There is a nascent debate in China on these issues. Although an ardent defender of China’s declaratory policy, retired General Pan Zhenqiang asks: ‘How can we define a strategic nuclear strike?’ During the Cold War all ‘strategic’ strikes were nuclear but now these could take another form – for example, a cyber attack or a high precision conventional attack such as the US’ Prompt Global Strike programme.
Critics also point to the lack of transparency of China’s nuclear modernisation programme. Although tiny compared to the US’ and Russia’s respective 6,800 and 7,000 warheads, China has slowly increased the number and capabilities of its missiles. Current estimates put China at 270 warheads, up from 240 in 2011.
General Pan counters that China’s modernisation ‘is a must’ due to ‘new threats [the country] faces’. Modernisation is admissible if it is ‘exercised under the premise of no-first-use.’ The question of whether China’s declaratory policy is credible or not misses the point. The point of China’s policy is to take nuclear threats off the table, reducing international tension.
Two recent developments in international security have brought declaratory policy and the threat of nuclear attack to the fore. Firstly, the successful negotiation of the Nuclear Weapons Prohibition Treaty by non-nuclear weapon states on July 7. The Treaty could drive nuclear and non-nuclear weapon states further away from international cooperation on disarmament. Significantly, China abstained.
As both an emerging power and as a country sympathetic with the treaty’s aims, China could be in a unique position to bridge this divide. Sebastian Brixey-Williams, from the British Security Information Council, has argued that the Treaty could come ‘to resemble a big nuclear-weapon-free-zone’. China could use its diplomatic capital to push for no-first-use and unconditional negative security assurances as a response.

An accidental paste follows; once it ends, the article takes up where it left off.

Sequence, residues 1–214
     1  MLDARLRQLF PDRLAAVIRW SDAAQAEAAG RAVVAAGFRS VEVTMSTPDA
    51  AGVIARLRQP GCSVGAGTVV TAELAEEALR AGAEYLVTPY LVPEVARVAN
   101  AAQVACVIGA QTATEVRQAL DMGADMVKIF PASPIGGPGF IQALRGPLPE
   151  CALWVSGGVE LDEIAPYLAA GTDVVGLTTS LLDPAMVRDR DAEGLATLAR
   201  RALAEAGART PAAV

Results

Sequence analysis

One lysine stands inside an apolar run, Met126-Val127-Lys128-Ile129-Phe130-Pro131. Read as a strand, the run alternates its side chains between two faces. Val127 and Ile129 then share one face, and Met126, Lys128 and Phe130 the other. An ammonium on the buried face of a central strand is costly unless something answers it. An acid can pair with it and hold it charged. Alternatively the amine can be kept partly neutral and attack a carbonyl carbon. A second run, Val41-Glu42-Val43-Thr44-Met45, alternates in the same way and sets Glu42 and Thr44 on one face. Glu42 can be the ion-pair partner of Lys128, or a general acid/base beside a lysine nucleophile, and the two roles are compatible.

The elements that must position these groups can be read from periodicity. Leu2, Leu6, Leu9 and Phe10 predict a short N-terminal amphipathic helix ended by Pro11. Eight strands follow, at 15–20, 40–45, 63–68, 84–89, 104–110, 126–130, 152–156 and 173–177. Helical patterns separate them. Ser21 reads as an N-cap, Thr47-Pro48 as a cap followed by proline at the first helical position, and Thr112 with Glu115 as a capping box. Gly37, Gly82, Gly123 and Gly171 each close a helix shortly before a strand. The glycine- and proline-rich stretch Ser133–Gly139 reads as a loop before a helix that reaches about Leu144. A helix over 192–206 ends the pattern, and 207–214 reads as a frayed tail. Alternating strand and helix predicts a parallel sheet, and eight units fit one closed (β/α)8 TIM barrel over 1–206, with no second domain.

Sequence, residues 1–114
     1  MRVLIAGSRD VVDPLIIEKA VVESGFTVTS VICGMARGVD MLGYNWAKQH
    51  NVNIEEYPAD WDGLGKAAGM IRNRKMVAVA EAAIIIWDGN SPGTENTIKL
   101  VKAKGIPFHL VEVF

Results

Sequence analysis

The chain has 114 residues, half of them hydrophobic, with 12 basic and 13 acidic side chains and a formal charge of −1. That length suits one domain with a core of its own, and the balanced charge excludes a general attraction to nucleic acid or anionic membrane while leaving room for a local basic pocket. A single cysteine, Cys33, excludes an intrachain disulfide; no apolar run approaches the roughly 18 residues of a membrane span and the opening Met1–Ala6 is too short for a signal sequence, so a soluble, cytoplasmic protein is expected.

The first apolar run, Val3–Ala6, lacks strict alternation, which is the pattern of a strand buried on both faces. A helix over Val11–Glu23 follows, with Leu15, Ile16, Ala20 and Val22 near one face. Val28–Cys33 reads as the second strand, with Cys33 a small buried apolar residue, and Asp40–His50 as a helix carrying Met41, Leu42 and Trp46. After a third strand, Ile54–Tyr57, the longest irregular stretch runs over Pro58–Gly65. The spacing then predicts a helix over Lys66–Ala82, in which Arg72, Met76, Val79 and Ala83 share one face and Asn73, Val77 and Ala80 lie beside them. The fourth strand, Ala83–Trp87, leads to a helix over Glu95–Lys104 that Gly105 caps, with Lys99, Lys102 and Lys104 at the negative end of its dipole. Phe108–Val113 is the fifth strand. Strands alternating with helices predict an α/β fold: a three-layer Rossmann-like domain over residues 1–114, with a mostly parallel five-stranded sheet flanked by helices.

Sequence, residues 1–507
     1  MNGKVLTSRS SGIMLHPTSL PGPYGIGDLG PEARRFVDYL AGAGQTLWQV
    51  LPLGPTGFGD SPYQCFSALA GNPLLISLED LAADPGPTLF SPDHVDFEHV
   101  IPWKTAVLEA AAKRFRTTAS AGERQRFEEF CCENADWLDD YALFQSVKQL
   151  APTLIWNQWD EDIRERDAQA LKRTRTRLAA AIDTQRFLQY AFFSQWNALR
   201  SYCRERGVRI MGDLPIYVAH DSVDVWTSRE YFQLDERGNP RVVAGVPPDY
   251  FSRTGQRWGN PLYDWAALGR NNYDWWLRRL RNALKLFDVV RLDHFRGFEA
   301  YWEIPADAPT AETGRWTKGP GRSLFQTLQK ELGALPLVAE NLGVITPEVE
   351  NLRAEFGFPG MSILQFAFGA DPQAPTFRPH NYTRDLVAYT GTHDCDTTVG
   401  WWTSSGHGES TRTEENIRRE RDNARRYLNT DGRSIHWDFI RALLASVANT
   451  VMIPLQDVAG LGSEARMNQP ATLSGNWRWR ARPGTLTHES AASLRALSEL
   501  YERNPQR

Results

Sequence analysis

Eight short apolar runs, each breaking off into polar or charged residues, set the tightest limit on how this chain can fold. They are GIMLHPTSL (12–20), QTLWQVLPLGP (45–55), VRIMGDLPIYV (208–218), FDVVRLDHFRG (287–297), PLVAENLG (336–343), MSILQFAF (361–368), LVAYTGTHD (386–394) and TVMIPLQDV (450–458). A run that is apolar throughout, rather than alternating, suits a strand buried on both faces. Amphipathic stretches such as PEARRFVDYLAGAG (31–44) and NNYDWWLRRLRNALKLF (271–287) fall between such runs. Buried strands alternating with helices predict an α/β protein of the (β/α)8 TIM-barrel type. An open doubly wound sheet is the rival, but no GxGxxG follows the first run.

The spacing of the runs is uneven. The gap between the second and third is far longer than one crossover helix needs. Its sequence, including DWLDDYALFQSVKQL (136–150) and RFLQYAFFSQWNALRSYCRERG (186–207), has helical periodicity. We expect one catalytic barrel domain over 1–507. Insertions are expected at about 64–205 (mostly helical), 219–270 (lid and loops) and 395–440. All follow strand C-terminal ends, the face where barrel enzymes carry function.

The second development is the escalating tension and nuclear sabre-rattling on the Korean Peninsula. Excluding military action, it is unlikely that North Korea’s nuclear programme will be rolled back any time soon by current sanctions. The international community may slowly and begrudgingly need to learn to live with a nuclear North Korea and shape it to be more responsible.
Interestingly, North Korea has shown at least some efforts to present itself as a responsible nuclear stakeholder. In January 2016, after its fourth nuclear test, Pyongyang declared that North Korea, as a ‘responsible nuclear weapon state, will neither be the first to use nuclear weapons… as long as the hostile forces for aggression do not encroach upon its sovereignty.’ This, of course, has been belied by its otherwise escalatory rhetoric and action.
Both international agreement on no-first-use and negative security assurances could moderate North Korea’s behaviour. The former would alleviate Pyongyang’s concerns over a decapitating first strike emanating from the US and would also reassure the international community that North Korea’s nuclear arsenal, like those of other nuclear weapons states, exists solely to deter a nuclear attack from another state. The latter would buttress these assurances. Japan and South Korea, most directly at threat from North Korea, would feel safer. It would also stifle hawkish voices arguing that they should develop nuclear weapons for their security. In the long term, it could even incentivise Pyongyang to give up its nuclear weapons, as it would receive the same negative security assurances from the international community.
This is not to suggest no-first-use and negative security assurances are a universal panacea. But there is an urgent need for states to consider how they can create the conditions for multilateral disarmament. While many criticisms can be levelled at China, there are lessons to be learnt from China in approaching the emerging nuclear crises of the 21st century.